So far it works
Tuesday November 09th 2021, 10:05 pm
Filed under: Life

The left eye pain got worse and the night ointment only helped some and I was back in to Dr. S. today. He happened to be wearing all blue, the shade of blue of the soft wool hat that he did not know was waiting for him. He was thrilled and turned it over in his hands, admiring the stitching and the pattern of the decreasing at the top and the color and exclaiming how much he was going to use this and he wished he’d had it last week.

(My bad. I hadn’t yet run the ends in two weeks ago--the day I knew he’d so earned one. This is an old picture.)

He’s actually an optometrist, although he runs a lot of the tests for most of the doctors, and of the two ophthalmologists I’ve seen over the years, one recently retired and one is on leave and I was at a loss to know where to start anyway, so I figured he could direct me.

He noted that things did look worse than two weeks ago, and the right eye was affected somewhat, too. No it wasn’t just dry eyes like he’d hoped. He pulled one of the new doctors into the room, who did a quick look and confirmed what Dr. S. thought: I needed to see the cornea specialist–today.

He told me quietly afterward that having the two of them calling meant I would get that appointment.

Dr. M’s office called before I even pulled out of the parking lot and I had to explain that I was at the satellite clinic in a different city. I was told to come straight there, pronto. I knew his schedule was crazy busy.

And that is how I met the doctor who did cornea surgery on a member of my family. He brightened up at her name and asked after her with enthusiasm, and I thought, I like this guy. I can see why she did. He took all the time I needed. He listened. He asked questions.

So now I know why I can’t read my phone first thing in the morning but I can later and why I can’t read the clock in the car–and only the clock, everything else is okay–in the daytime. I’ve learned somewhat of what lies ahead with the Fuchs Dystrophy. I’ve had a very mild case simmering for some time; I had toddlers when one doctor told me some descendant of mine was going to have to have cornea transplants, and actually, my mom now has.

But it was time to learn more about this, because it suddenly said so.

Fifteen to twenty-five percent of cornea transplants fail, according to one major medical site. Okay, that’s it. Not moving away from Stanford. The upside of living in a crowded metro area is that there are a lot of patients and experience to keep the surgeons at their best.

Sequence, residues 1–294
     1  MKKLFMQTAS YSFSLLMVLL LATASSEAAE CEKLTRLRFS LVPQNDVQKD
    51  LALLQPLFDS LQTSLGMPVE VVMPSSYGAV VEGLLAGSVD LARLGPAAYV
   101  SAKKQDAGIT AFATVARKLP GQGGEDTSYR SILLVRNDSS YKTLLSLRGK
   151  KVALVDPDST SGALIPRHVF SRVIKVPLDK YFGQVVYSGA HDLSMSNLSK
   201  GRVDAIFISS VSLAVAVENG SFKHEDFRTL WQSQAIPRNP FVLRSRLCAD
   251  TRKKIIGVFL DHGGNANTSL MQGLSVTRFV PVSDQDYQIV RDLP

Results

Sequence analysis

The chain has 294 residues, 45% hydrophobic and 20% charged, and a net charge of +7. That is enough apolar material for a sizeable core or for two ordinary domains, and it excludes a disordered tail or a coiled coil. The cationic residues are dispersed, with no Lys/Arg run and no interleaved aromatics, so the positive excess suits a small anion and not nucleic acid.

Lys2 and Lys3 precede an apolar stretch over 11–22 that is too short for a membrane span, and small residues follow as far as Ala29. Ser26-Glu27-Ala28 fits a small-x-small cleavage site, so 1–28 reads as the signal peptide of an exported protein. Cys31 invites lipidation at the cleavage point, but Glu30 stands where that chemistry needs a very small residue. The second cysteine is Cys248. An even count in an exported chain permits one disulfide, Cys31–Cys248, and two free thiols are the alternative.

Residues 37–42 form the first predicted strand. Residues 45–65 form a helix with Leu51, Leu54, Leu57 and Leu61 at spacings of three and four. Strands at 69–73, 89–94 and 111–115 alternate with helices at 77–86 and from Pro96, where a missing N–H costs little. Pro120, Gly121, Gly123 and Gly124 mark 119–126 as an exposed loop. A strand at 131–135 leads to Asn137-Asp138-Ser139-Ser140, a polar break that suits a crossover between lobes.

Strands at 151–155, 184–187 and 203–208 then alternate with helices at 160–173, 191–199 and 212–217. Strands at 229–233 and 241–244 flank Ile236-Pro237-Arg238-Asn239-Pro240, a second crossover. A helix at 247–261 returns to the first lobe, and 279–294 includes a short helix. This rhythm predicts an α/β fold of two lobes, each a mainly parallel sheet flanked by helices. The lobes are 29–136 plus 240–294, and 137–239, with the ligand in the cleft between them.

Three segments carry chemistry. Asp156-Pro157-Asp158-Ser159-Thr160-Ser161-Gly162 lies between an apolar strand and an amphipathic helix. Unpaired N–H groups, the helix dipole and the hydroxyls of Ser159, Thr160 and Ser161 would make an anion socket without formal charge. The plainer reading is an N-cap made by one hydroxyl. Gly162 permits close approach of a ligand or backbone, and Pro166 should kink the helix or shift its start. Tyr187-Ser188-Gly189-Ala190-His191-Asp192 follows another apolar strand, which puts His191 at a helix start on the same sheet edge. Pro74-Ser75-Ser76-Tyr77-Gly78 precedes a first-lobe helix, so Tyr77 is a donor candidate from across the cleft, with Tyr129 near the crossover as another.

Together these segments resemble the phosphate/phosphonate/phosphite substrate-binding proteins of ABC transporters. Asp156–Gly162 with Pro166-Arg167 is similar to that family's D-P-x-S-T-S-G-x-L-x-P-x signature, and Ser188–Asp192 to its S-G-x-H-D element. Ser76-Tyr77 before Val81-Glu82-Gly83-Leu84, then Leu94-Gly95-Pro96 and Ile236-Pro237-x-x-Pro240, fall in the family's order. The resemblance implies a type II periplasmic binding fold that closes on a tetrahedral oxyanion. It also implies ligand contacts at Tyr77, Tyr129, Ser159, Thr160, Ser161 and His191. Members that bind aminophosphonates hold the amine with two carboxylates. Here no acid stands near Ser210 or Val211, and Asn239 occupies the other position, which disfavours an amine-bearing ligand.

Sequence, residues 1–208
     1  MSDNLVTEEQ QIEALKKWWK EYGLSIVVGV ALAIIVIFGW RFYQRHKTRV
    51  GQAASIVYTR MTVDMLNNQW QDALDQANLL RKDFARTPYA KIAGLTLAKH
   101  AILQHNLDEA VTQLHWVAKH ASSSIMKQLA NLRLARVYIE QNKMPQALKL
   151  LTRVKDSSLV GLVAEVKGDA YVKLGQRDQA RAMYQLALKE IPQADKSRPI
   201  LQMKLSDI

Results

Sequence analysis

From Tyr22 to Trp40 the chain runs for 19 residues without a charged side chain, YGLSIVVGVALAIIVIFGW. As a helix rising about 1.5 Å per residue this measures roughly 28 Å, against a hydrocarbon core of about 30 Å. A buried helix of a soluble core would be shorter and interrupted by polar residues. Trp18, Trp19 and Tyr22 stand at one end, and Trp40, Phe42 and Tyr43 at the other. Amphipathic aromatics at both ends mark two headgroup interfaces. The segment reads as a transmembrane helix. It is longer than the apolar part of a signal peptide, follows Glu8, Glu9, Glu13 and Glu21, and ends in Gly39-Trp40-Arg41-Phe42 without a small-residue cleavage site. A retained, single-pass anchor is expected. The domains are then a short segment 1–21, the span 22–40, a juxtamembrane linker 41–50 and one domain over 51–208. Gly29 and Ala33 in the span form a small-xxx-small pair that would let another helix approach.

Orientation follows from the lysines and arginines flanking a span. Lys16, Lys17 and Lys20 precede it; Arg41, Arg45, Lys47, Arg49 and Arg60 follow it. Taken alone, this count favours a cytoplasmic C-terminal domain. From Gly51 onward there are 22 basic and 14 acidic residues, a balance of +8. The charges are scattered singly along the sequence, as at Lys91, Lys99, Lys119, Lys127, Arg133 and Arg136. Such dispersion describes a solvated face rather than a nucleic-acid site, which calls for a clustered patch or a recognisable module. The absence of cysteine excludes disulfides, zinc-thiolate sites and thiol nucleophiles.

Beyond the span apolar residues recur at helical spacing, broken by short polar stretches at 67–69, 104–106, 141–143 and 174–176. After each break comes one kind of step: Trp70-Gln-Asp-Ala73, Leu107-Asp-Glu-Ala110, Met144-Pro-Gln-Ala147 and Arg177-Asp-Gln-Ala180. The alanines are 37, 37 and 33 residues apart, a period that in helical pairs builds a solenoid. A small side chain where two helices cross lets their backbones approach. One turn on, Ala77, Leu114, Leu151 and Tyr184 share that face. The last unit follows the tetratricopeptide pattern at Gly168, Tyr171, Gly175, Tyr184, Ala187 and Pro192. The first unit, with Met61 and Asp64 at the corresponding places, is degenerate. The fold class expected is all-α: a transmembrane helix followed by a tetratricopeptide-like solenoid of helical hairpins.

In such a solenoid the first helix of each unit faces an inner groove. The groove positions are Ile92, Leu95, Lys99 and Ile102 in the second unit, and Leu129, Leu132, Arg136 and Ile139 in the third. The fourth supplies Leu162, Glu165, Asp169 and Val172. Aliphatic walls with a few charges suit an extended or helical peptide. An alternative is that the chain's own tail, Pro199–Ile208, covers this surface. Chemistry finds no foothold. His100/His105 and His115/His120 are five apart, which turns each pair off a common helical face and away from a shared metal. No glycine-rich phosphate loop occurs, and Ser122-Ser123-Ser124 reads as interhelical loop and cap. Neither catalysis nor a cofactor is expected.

He gave me steroid drops. I told him that massive IV steroids had had zero effect on my lupus or Crohn’s and that an optometric steroid solution was given me by an ENT for infected ear canals and it was, like the regular steroid drops, massively itchy.

But we had to try. Untreated lets it get worse much faster.

I got the prescription, got home, and put the first drop in my left eye. And saline drops in the other because it needed it, and because, hey, science.

Walking back across the house I felt an intense relief in the left eye, that fast. To my great surprise, it suddenly felt better than the right.

5 Comments so far
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While I’m sorry you’re having the trouble, I’m so glad that you’re getting such excellent care!

Comment by ccr in MA 11.10.21 @ 6:27 am

When I was diagnosed 50+ years ago, I was told it was genetic. They wouldn’t operate on me until it got bad–25 years later. My left eye started to fail ten years after that, and the doctor fixed it with a partial replacement that worked just fine. I will take the steroid drops till I die, but I can see. love, Mom

Comment by mom 11.10.21 @ 9:09 am

So glad you found a doctor that found something that works.

Comment by Sharon Stanger 11.10.21 @ 11:27 am

Sending a hug. Or perhaps that should be hugs.

Comment by Helen Mathey-Horn 11.10.21 @ 1:52 pm

Hurray for knowledgeable, caring doctors! So happy the drops are working and tolerable.

Comment by DebbieR 11.11.21 @ 9:41 am

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